Documentarian Heidi Ewing turns to narrative feature filmmaking in this lilting, graceful love story about two Mexican men whose bond is tested by distance, homophobia and hostile immigration systems.
|Nov 09|| |
|Nov 19|| |
Making her narrative debut, Oscar-nominated documentary filmmaker Heidi Ewing (Jesus Camp NZIFF 2006) fictionalises the real-life story of an aspiring chef, Iván (Armando Espitia) and a teacher, Gerardo (Christian Vázquez), whose chance encounter sparks a love affair spanning decades. Iván has a child with a previous partner who he struggles to support financially, while Gerardo has a tense relationship with his traditional family of ranchers; both conceal their sexuality to varying degrees from the homophobia of 1990s Mexico. Their unstoppable attraction is complicated by the lure of a better life in America, prompting Iván to make a perilous journey across the border to the US.
Elements of Ewing’s documentary foundations are evident — her narrative unfolds with a lived-in intimacy, as interested in grandiose emotions as it is on interiors, shared meals and idle conversation – but her knack for immersing viewers in Iván and Gerardo’s swirling love affair through fluid camerawork and natural dialogue reveals a sharp instinct for dramatic storytelling. Tender and dreamlike, I Carry You with Me deftly explores complex issues of immigration and family separation through one absorbing love story, and is crystallised by a third-act twist that will leave viewers breathless.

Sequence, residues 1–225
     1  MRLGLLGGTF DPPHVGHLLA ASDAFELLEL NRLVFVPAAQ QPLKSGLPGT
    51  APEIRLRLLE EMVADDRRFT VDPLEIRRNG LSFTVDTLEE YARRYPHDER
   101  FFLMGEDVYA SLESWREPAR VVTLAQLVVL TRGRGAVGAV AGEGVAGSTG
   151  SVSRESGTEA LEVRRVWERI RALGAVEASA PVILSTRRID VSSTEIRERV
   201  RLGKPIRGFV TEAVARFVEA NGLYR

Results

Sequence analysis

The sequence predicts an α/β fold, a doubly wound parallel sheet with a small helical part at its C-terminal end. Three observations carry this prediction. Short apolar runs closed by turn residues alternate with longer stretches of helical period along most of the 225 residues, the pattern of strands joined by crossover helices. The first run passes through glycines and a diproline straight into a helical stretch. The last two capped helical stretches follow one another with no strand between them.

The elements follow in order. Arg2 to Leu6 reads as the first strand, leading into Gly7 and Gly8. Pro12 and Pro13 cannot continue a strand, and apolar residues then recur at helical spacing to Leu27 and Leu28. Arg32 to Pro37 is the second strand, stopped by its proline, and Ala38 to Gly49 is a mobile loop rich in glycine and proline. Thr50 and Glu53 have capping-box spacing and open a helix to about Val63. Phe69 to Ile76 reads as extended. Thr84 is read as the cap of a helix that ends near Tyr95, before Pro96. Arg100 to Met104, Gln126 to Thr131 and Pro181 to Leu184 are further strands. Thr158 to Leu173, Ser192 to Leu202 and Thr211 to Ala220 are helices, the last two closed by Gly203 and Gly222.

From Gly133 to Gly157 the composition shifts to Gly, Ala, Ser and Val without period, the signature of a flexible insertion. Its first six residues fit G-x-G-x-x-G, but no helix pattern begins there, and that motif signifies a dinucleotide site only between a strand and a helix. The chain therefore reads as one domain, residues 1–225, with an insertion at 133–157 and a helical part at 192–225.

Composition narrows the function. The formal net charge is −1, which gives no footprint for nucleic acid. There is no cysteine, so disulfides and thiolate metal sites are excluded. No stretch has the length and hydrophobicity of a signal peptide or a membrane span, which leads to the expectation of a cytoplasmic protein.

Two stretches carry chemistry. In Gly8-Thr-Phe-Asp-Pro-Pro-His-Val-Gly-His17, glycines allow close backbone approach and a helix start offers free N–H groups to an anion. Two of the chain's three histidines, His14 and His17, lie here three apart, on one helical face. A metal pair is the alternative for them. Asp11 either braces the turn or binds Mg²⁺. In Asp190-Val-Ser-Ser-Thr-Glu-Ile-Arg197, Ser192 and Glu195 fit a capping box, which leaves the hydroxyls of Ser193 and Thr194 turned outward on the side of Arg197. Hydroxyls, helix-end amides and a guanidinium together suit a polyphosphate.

Rendered in a beautifully warm softness by cinematographer Juan Pablo Ramírez, Ewing’s narrative pays as much attention to what we gain from leaps of faith as what we leave behind. Bolstered by powerfully emotive performances from Espitia and Vázquez, I Carry You with Me won both the NEXT Innovator and Audience Awards following its 2020 premiere at Sundance. — George Fenwick